When I talk to other small business owners about vacations, they often say, "I can't afford to go on vacation." And it's not just the cost of a trip that's scary, but the fear of leaving the business without your guidance for a period of time. Based on my own experience, however, I'd argue that entrepreneurs can't afford to not to go on regular vacations.
What no one tells you about working for yourself is that it's relentless. When you are your own boss, it's hard not to feel like you're always on the clock. I'll work a full day straight through with barely a pause to eat something, and it's a rare night or weekend where I don't check my email multiple times just to make sure that everything is OK.
Ultimately, business success requires that you use your creativity and vision to solve problems and identify new opportunities. When you allow yourself to relax once in a while, you enable this kind of creative, big-picture thinking to occur. You can't force it into existence. Sometimes you just have to lie in a hammock and let it arrive on its own terms. So here is what I've learned about the power of vacationing:
Hire (or bribe) people to take care of things.
The point of vacation is to get away, but you can't simply walk away from your business and leave no one in charge. If you don't have staff you can trust, hire (or do a trade with) a trustworthy friend to watch your email and put out fires while you're away. Yes, you'll have to work hard in advance to get ready to go, and yes, you'll have to catch up when you get back, but it will be worth it.
Go somewhere different.
Every so often, I need to get away from my regular life. Sometimes that means my family packs up and goes to the mountains for a weekend, and sometimes that means we pack up and go to Istanbul. But the process of taking myself outside of my own "normal" allows me to stop fretting about business, and stop thinking in my usual ways. This usually leads to unusual and effective ways of thinking once I'm back in the office.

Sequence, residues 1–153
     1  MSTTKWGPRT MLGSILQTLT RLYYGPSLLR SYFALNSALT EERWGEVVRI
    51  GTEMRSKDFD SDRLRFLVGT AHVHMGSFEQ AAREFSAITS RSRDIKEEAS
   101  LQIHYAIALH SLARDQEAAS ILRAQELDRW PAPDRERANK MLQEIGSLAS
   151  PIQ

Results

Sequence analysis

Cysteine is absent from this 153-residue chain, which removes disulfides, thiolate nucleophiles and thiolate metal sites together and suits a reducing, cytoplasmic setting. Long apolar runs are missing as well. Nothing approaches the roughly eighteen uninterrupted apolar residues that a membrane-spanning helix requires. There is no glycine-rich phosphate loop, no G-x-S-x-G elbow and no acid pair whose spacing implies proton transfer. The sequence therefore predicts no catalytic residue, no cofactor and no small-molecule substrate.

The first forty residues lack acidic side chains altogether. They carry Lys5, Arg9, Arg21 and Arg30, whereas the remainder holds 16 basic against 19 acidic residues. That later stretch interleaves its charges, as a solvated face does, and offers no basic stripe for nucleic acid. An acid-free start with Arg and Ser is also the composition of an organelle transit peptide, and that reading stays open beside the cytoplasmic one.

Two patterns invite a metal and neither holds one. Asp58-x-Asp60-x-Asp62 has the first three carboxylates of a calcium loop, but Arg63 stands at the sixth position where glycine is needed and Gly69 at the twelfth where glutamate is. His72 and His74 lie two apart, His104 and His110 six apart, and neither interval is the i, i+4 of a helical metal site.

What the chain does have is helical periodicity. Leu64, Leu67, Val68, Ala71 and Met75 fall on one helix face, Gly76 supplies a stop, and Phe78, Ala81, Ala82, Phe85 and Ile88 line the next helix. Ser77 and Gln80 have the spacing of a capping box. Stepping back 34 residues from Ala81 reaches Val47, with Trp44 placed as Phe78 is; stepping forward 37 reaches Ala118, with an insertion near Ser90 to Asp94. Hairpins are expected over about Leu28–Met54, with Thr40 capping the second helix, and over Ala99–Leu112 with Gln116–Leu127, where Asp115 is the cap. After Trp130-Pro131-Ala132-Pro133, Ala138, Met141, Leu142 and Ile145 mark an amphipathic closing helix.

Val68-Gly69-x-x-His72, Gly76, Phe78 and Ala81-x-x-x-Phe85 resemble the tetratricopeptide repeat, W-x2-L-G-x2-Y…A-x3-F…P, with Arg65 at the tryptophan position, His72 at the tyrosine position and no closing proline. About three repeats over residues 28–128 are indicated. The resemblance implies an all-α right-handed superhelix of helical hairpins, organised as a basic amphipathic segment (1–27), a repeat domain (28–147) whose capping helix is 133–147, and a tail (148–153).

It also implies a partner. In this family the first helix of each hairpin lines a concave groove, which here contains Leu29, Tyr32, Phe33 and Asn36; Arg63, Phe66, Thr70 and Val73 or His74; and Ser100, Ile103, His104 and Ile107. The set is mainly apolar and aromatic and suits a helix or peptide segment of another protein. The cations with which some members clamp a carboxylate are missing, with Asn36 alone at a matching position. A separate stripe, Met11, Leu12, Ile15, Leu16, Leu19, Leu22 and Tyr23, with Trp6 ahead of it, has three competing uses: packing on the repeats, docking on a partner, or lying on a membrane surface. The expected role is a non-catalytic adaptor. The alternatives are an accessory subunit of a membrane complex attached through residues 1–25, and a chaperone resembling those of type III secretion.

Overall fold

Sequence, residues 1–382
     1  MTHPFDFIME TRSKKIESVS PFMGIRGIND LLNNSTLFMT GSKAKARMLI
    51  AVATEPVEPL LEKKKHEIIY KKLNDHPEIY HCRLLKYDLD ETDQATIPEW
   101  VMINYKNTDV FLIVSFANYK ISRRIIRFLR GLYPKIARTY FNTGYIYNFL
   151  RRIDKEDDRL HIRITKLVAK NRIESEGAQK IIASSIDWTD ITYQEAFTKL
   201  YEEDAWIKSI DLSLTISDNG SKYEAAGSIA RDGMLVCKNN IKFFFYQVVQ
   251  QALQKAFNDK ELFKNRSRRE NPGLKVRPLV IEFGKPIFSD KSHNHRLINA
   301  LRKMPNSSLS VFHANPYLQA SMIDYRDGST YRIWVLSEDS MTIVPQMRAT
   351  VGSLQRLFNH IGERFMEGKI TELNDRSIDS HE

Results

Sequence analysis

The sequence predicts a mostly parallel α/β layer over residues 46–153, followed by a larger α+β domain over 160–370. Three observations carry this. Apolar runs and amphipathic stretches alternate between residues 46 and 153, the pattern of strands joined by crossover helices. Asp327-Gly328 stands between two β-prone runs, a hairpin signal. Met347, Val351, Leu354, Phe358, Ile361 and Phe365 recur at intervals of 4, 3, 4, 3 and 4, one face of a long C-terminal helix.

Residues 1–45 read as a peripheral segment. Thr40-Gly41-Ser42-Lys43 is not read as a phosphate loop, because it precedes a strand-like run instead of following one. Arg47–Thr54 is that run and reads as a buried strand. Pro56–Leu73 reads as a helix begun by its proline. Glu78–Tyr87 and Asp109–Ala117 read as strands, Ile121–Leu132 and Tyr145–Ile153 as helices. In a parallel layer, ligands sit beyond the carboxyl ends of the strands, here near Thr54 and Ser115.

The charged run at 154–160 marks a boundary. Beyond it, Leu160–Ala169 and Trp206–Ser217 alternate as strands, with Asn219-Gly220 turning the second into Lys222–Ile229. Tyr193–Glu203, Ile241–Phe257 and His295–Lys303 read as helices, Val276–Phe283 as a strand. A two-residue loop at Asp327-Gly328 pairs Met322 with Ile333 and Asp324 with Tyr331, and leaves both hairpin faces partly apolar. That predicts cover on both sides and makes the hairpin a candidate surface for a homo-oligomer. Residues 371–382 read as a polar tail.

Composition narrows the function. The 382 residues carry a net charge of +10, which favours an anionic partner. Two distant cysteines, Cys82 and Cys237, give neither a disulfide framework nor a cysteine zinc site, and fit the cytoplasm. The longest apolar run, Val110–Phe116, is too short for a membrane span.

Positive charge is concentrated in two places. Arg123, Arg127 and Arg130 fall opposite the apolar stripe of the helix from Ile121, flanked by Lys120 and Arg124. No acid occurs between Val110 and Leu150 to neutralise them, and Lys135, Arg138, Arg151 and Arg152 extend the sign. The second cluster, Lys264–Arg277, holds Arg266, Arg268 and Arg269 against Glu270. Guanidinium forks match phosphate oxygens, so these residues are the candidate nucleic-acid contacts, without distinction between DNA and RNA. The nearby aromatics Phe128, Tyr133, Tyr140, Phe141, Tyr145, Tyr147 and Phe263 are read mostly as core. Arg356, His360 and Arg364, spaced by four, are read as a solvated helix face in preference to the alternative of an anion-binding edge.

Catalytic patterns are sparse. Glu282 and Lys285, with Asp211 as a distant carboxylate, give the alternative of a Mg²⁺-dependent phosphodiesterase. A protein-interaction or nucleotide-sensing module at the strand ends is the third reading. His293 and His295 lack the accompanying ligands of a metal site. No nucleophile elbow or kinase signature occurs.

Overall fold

We've all gotten used to sharing a lot. We post pictures of the pretty flowers we just picked to Facebook and tweet funny one-liners we told over a beer. So my husband and I have an iron clad rule: what happens on vacation stays on vacation. And what happens is remarkable. It's less that we unplug from the computer, and more that we plug into our lives on a minute-by minute-level.
Journal. Draw. Stare at the sky.
Next, do nothing. If you have trouble simply letting your mind wander, pick up your journal or a pen to draw, or whatever your private creative tool is. But mostly, stare at the horizon. When you start thinking of Instagramming a picture of said horizon to your social network, bring yourself back to the moment. Allow yourself to simply stare, and let your mind drift.
When you're ready, allow creativity to come.
Here is the funny thing. All of the above steps will help make you a better business owner. After enough time out of your day-to-day surroundings, unplugged, staring at the horizon, you'll start to see the big picture of your business, instead of the minutiae. You'll suddenly realize what sweeping changes you need to make, or what you've been doing really well.
I'd like to tell you that the high-level thinking you'll find yourself doing on vacation is the point, but it's not. Vacations should remind us that we work to live, not live to work. And once we recognize that, the positive effect of having the right perspective spills over into all facets of our lives, including -- yes -- the office.
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